The Wall Street reform bill may eventually pass in the Senate but not before it faces a filibuster Monday, according to Minority Leader Mitch McConnell.


Fox News' Chris Wallace pressed Sen. McConnell (R-KY) Sunday on whether he would have the 41 senators needed to filibuster the bill when it comes up for a floor vote Monday. "It's my expectation we will not go forward with the partisan bill," answered McConnell.

"We don't have a bipartisan compromise yet but I think there is a good chance we're going to get it. What I'd like to see is an opportunity to prevent the Democrats from doing to the financial services industry what they just did to the health care of this country," said McConnell. "And Ironically, Chris, my view is very similar to that bastion of conservatism and tool of Wall Street, The Washington Post editorial page, which said this morning that this bill needs to be improved."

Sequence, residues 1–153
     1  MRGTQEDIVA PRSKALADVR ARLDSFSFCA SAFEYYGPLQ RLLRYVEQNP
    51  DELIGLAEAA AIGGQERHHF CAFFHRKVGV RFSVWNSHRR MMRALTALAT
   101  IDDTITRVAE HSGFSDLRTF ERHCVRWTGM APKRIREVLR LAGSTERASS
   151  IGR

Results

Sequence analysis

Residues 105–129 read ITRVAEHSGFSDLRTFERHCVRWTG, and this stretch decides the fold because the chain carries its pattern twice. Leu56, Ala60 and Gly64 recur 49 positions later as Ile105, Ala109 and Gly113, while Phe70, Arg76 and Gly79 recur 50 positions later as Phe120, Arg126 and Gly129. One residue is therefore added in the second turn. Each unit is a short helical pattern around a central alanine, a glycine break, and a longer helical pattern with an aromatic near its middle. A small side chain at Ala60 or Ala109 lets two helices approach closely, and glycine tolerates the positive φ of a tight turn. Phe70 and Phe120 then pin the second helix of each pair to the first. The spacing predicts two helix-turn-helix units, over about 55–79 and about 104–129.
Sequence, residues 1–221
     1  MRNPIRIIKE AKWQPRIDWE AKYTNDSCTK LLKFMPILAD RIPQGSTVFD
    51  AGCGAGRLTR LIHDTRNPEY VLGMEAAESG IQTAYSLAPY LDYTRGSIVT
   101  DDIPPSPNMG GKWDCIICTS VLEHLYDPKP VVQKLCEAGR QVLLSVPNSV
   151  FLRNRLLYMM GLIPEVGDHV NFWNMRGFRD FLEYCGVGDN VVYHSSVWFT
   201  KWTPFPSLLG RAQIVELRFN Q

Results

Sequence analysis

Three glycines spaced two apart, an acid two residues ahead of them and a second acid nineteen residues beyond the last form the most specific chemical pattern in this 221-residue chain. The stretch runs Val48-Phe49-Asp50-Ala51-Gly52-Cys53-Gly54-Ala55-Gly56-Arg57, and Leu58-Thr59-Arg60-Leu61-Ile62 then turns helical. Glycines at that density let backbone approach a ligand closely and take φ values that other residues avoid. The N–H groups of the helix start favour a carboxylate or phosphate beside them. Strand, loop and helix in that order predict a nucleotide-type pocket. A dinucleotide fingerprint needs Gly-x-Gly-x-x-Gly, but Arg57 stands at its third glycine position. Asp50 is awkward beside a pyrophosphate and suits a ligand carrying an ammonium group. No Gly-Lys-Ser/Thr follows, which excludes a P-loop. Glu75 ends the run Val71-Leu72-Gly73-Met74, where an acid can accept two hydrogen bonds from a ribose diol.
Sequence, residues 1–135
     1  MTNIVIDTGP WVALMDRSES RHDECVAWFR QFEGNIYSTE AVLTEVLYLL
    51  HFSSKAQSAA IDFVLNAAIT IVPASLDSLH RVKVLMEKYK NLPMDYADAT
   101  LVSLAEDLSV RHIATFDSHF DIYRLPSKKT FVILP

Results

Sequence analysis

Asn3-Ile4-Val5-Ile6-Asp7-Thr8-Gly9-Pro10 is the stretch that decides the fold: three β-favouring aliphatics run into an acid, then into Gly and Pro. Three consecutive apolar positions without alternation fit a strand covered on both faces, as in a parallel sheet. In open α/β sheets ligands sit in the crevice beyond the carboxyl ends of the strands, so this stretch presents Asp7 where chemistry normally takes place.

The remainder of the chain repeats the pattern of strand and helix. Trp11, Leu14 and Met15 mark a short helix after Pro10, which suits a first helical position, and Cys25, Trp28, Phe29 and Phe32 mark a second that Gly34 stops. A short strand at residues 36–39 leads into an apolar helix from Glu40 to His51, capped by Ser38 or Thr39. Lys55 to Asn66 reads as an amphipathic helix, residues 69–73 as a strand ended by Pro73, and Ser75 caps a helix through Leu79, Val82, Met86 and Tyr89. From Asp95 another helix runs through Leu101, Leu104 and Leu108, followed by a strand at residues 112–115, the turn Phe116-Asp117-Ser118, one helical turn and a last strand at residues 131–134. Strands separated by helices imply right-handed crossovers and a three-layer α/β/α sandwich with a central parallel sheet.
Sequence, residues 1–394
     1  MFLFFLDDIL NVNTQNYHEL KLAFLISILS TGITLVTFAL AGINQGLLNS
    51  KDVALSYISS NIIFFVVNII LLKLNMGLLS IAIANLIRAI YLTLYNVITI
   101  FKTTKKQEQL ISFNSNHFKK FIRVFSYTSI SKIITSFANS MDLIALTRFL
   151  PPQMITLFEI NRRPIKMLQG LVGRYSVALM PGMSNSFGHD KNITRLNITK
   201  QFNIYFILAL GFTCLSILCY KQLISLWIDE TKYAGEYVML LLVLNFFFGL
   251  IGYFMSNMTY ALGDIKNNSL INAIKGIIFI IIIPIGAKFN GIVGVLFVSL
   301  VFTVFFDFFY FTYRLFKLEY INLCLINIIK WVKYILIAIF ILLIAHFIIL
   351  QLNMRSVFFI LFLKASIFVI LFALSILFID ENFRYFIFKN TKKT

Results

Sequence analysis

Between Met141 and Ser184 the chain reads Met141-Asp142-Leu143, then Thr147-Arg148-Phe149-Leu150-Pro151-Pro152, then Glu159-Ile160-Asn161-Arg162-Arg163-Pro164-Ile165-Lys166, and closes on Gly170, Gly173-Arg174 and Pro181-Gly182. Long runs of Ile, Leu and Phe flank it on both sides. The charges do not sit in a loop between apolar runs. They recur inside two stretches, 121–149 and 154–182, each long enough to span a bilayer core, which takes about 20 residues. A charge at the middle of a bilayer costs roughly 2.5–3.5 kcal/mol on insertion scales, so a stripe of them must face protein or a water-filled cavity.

"The fifty billion dollar bailout fund needs to come out," continued McConnell. "We need to have a system in there under which the creditors can expect that they're going to be treated fairly somewhat similar to the bankruptcy laws and we need to have enhanced capital requirements. None of that is currently in the bill that the Majority Leader would try to have us take up on Monday, which came out of committee on a strictly party-line vote."

To pass the bill as is, Senate Majority Leader Harry Reid would need the support of at least one Republican senator.

The Hill reports that eyes are trained on Maine's two moderate senators, Olympia Snowe and Susan Collins. Neither one has so far declared they would support the bill.

Last week, Sen. Reid (D-NM) dared Republicans to block financial reform, assuming the American people support Congress taking on Wall Street.

The Washington Post editorial mentioned by McConnell ends with these words:

"Based on our reading of the bill that emerged from Mr. Dodd's committee, a bipartisan compromise on these points is well within reach. That is, unless Democrats and Republicans are more interested in scoring political points than fashioning policy."

This video is from Fox's Fox News Sunday, broadcast April 25, 2010.


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